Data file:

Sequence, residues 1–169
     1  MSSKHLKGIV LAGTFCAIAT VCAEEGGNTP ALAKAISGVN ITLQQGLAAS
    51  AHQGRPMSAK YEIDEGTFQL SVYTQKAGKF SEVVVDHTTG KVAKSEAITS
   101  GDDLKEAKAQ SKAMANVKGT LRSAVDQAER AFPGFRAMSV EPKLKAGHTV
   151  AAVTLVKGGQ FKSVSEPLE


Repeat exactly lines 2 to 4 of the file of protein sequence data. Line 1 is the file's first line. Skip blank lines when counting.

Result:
     1  MSSKHLKGIV LAGTFCAIAT VCAEEGGNTP ALAKAISGVN ITLQQGLAAS
    51  AHQGRPMSAK YEIDEGTFQL SVYTQKAGKF SEVVVDHTTG KVAKSEAITS
   101  GDDLKEAKAQ SKAMANVKGT LRSAVDQAER AFPGFRAMSV EPKLKAGHTV